Next Steps

Based on Bohler’s advice and preliminary data, the board is hopeful that three parcels they selected will fulfill the state’s requirements. However, Bohler needs a week or two to finish inputting all of the details into the compliance model to fully vet them. If problems come up, the board may need to make tweaks or look at including one of the backup districts.

Bohler is also working on language for the zoning bylaw to be used in an Article for Annual Town Meeting at the end of March.

Leading up to the meeting, Planning will hold public hearings on the bylaw and zoning map. Through that process, they will hear public feedback and potentially make changes. The hearings will open on the evening of Monday, January 29th.

Updated (1/10/24 4:27 pm): I forgot to mention, Chair Meme Luttrell confirmed that the board plans to include a 10% Affordable Housing requirement, the maximum allowed under the state law. (Technically, the Town could pursue 20%, however that would require proving to the state that projects would still be economically feasible for developers.)

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4 months ago

Many towns in the Commonwealth are fighting this state edict which many believe goes against the rights of Towns and Cities to control their own zoning and planning rules. This will be making it to court and the courts will have to decide if this state rule/law is legal or is an overreach by the state into the powers of towns and cities.
I think it is fine to review and plan what projects and areas may work for changes in zoning if the MBTA ruling is found legal. If it is not found to be binding than the town can continue to Zone and plan as they have for hundreds of years.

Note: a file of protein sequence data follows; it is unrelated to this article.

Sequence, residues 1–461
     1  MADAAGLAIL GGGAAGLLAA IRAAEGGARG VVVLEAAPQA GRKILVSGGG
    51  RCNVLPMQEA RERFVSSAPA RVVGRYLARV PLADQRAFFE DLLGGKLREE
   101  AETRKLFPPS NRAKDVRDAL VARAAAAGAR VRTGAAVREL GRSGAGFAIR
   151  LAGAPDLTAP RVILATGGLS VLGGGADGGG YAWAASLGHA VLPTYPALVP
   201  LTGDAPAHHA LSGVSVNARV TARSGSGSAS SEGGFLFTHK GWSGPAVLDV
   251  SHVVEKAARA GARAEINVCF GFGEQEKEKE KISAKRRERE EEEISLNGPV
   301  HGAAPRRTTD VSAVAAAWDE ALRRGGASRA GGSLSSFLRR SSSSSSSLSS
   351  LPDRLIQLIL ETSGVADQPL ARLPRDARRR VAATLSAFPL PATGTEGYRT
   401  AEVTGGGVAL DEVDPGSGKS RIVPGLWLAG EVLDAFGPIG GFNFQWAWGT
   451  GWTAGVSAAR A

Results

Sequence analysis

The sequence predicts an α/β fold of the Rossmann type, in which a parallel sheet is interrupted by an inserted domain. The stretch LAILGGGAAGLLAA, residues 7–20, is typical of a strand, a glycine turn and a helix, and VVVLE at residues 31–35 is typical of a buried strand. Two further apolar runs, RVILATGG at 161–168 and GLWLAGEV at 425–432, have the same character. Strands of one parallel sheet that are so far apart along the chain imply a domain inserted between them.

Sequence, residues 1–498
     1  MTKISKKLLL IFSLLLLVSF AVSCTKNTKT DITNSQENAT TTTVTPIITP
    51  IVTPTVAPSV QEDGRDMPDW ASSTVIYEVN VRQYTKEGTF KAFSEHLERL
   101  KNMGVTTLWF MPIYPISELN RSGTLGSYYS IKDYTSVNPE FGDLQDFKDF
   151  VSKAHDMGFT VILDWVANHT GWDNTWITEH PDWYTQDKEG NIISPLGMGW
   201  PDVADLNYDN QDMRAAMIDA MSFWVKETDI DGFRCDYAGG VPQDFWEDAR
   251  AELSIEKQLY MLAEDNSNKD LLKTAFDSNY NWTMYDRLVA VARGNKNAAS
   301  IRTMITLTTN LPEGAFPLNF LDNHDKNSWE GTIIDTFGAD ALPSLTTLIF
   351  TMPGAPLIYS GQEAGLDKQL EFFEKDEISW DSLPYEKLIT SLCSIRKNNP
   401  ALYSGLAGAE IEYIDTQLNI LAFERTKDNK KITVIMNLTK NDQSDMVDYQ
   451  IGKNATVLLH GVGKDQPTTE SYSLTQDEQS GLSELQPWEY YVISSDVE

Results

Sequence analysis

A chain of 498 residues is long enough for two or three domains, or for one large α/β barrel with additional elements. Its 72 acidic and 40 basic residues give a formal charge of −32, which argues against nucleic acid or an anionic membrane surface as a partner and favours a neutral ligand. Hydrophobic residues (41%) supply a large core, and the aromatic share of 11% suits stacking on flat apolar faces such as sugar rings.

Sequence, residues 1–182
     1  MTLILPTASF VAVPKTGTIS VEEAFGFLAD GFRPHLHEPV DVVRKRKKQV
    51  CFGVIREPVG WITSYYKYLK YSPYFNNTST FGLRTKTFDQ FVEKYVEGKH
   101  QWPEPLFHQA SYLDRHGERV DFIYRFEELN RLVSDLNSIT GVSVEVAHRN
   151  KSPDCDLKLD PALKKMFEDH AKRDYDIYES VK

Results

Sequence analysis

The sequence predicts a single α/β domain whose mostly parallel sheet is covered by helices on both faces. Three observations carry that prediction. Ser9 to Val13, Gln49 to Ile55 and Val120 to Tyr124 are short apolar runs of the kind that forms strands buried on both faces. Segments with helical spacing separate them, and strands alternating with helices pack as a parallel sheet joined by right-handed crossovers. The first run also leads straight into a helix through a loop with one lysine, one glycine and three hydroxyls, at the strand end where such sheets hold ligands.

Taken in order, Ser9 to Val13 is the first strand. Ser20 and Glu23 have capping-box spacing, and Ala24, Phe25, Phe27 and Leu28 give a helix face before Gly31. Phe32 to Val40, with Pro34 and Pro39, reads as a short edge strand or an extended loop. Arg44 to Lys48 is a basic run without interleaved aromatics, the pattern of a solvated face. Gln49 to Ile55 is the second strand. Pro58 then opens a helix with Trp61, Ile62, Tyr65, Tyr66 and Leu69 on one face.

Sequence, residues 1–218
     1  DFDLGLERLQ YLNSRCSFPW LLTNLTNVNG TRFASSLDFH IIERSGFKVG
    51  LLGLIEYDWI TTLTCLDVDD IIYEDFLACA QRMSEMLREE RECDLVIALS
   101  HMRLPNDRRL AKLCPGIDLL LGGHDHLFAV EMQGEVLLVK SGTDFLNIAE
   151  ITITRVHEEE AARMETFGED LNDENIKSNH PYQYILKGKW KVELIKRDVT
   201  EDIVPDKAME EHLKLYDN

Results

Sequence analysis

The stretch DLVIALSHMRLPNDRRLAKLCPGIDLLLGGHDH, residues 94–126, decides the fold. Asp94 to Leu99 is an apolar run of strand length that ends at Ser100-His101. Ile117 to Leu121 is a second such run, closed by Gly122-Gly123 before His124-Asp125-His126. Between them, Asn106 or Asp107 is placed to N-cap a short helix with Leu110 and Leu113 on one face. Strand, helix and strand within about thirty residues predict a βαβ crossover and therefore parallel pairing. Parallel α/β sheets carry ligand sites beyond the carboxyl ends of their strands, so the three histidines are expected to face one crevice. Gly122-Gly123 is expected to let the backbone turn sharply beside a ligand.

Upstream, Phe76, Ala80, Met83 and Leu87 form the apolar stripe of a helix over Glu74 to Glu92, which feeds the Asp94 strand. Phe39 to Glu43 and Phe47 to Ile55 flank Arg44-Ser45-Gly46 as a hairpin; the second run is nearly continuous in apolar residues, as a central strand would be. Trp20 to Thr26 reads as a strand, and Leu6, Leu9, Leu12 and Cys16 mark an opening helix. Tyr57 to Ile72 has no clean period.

My personal feeling is that some areas should be available for thoughtful multifamily housing and commercial office and retail space if the neighbors welcome it. If it is not wanted than it should not happen or be forced onto neighborhoods.

Kelly Roney
4 months ago

Caveats first: I’m not a lawyer, and though I think the law ought to be intelligible to normal people, it often isn’t.
Massachusetts is not a federation of municipalities. The state grants powers to the cities and towns through their charters and home rule petitions, and it can take them away as long as it doesn’t single out any particular city or town. (See Section 8 of https://malegislature.gov/Laws/Constitution#amendmentArticleLXXXIX.) I think the MBTA Communities Act, passed by the legislature and signed into law by then-Gov. Baker is undoubtedly constitutional, and any town trying to delay it is only trying to use delay as its primary legal tactic.
The Commonwealth has been quite gentle in enforcing this Act, allowing all sorts of flexibility to towns to do transit-related zoning. Massachusetts knows we have a long-standing housing shortage and wants to turn the profit motive loose to help. Zoning, of course, restricts private property rights, and our government has decided that much zoning restricts them too much – and I agree. It really is a good idea to put denser housing near public transit. (And, yes, the MBTA needs work, too.)
We out in the suburbs have a long history of NIMBY, and it’s not just us, since cities do, too. NIMBY is sometimes right. The classic zoning example is that no one wants a pig farm next to their house. But the principle can’t be that the neighborhood can always say no, and a three-family next to Residence A or B isn’t a pig farm. I realize that people (not just other people, often me too) don’t like change, but this is a change that we as a community and as a commonwealth need.
And, by the way, zoning is only about a century old, which is to say only a few decades older than I am. Before that, it was possible to put a pig farm next to a neighborhood.
Also, Jack, I was recently walking in the Rural Cemetery and saw your headstone. I was pleased that it didn’t have a death date on it!